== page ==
Poverty, by America
#1 NEW YORK TIMES BESTSELLER • The Pulitzer Prize–winning author of Evicted reimagines the debate on poverty, making a “provocative and compelling” (NPR) argument about why it persists in America: because the rest of us benefit from it.
“Urgent and accessible . . . Its moral force is a gut punch.”—The New Yorker
ONE OF THE MOST ANTICIPATED BOOKS OF 2023: The Washington Post, Time, Esquire, Newsweek, Minneapolis Star Tribune, Elle, Salon, Lit Hub, Kirkus Reviews
The United States, the richest country on earth, has more poverty than any other advanced democracy. Why? Why does this land of plenty allow one in every eight of its children to go without basic necessities, permit scores of its citizens to live and die on the streets, and authorize its corporations to pay poverty wages?
In this landmark book, acclaimed sociologist Matthew Desmond draws on history, research, and original reporting to show how affluent Americans knowingly and unknowingly keep poor people poor. Those of us who are financially secure exploit the poor, driving down their wages while forcing them to overpay for housing and access to cash and credit. We prioritize the subsidization of our wealth over the alleviation of poverty, designing a welfare state that gives the most to those who need the least. And we stockpile opportunity in exclusive communities, creating zones of concentrated riches alongside those of concentrated despair. Some lives are made small so that others may grow.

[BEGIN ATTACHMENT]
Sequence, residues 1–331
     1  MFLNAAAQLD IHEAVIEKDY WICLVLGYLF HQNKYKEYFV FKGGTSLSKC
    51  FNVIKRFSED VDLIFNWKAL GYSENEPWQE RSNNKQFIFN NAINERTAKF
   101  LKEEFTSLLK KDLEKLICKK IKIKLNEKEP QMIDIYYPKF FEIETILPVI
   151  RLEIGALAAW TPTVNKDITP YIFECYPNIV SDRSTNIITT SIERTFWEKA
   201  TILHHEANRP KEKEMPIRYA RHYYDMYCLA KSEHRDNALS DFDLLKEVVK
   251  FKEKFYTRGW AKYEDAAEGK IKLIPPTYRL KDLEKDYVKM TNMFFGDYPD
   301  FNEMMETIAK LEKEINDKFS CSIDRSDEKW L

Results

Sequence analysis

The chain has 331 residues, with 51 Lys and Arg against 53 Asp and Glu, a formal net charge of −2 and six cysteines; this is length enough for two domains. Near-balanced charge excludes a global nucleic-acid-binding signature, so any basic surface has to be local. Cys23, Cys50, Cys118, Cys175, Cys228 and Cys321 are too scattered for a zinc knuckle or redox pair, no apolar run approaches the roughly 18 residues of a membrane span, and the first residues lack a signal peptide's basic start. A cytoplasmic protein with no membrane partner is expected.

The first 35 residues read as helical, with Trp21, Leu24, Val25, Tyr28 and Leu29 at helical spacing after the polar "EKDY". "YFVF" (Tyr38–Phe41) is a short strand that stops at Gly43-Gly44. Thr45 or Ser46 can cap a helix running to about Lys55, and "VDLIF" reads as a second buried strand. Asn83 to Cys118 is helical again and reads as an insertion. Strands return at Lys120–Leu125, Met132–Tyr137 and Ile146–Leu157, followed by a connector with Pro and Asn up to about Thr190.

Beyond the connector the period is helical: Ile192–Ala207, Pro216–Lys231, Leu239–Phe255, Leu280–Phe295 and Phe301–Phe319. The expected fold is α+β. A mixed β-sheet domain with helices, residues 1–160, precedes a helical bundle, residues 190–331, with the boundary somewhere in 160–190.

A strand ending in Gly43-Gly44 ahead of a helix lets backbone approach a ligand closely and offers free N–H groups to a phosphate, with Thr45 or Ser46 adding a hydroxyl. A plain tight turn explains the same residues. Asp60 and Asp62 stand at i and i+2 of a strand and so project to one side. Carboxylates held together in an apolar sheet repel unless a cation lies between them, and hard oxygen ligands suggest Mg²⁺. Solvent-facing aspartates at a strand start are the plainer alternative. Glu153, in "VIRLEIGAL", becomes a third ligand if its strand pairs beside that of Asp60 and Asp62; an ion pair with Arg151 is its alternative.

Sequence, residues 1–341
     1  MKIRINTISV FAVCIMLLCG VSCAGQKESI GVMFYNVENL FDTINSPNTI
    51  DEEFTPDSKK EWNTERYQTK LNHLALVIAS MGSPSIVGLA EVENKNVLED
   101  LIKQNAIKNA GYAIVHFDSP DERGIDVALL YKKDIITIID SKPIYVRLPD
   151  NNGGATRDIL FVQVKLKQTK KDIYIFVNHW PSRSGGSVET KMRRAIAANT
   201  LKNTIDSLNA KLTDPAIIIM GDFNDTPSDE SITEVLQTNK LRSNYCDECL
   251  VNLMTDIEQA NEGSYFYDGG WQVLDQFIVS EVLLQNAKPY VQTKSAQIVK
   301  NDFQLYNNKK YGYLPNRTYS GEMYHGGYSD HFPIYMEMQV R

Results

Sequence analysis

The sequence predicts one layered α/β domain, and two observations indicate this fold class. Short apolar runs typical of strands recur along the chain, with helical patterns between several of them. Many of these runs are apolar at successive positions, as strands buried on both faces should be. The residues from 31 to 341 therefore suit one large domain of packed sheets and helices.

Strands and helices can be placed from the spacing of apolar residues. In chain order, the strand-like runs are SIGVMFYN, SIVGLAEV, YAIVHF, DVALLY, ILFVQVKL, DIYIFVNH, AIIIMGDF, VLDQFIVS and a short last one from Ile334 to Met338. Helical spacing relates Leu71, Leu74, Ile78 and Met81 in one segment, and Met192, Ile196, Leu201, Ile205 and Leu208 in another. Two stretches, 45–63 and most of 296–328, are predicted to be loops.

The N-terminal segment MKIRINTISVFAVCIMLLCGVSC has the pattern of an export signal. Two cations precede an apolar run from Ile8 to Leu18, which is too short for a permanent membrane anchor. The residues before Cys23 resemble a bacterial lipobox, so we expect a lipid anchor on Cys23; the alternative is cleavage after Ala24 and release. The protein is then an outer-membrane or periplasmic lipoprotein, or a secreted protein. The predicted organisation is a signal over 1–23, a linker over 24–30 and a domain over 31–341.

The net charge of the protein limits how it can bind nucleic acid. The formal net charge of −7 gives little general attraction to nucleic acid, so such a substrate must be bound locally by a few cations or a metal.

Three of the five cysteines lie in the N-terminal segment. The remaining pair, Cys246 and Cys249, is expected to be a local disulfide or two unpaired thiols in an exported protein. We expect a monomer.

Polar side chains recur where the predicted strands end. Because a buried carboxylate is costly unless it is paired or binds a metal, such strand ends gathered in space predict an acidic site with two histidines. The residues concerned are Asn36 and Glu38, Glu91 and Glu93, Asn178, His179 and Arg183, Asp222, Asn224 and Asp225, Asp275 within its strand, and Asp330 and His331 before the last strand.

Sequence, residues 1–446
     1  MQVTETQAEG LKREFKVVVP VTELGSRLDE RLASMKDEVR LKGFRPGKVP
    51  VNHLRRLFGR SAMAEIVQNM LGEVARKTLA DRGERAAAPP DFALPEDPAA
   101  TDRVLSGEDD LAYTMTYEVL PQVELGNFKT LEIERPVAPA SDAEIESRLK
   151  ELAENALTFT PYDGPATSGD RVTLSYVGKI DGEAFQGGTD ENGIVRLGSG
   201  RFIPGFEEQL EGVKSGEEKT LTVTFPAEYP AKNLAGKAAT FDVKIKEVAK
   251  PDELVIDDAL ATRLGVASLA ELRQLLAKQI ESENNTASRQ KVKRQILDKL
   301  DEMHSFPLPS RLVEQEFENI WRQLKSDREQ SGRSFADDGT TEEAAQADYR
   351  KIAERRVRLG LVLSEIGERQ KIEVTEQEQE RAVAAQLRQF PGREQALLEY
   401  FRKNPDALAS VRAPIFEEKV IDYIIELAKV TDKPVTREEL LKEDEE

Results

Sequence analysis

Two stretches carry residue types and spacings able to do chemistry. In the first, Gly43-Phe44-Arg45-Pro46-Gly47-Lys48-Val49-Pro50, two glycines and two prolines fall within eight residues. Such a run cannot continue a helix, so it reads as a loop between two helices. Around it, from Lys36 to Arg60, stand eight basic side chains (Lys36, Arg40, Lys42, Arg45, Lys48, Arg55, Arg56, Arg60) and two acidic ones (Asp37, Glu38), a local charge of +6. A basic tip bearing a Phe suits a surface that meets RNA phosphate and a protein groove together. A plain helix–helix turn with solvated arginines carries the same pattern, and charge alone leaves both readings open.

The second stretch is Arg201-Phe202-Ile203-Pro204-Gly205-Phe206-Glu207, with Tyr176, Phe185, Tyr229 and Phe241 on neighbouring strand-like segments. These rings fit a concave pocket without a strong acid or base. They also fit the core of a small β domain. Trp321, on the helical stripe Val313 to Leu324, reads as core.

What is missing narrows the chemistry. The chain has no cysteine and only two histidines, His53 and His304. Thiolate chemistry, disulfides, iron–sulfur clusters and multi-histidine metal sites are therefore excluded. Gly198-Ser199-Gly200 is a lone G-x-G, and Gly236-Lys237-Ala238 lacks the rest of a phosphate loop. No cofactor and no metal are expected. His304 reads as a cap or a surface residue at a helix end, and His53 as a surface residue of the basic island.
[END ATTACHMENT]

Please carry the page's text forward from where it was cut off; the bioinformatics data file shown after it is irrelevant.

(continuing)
Elegantly written and fiercely argued, this compassionate book gives us new ways of thinking about a morally urgent problem. It also helps us imagine solutions. Desmond builds a startlingly original and ambitious case for ending poverty. He calls on us all to become poverty abolitionists, engaged in a politics of collective belonging to usher in a new age of shared prosperity and, at last, true freedom.
Pulitzer winner Desmond follows up Evicted with a powerful inquiry into why the U.S. is "the richest country on earth, with more poverty than any other advanced democracy." Noting that 38 million Americans cannot afford basic necessities, Desmond argues that poverty persists because others benefit from it: workers are paid non-living wages and unions are discouraged in order to boost the pay of corporate executives; poor consumers are overcharged for rental housing and financial services so that landlords and banks can prosper; and affluent families benefit from tax breaks, student loans, and other forms of federal aid while welfare programs are publicly belittled and made difficult to access. Poverty is further entrenched by the underfunding of education, mass transit, and healthcare, Desmond argues, creating a world of private opulence and public squalor. His solutions include eliminating the residential segregation that blocks poor families from well-funded public services and employment and housing opportunities. More broadly, he calls for better-off Americans to acknowledge their complicity in perpetuating poverty and to pressure the government to undertake "an aggressive, uncompromising antipoverty agenda." Though the path to achieving these reforms isn't always clear, Desmond enriches his detailed and trenchant analysis with poignant reflections on America's "unblushing inequality" and the "anomie of wealth." It's a gut-wrenching call for change. Agent: Katherine Flynn, Kneerim & Williams.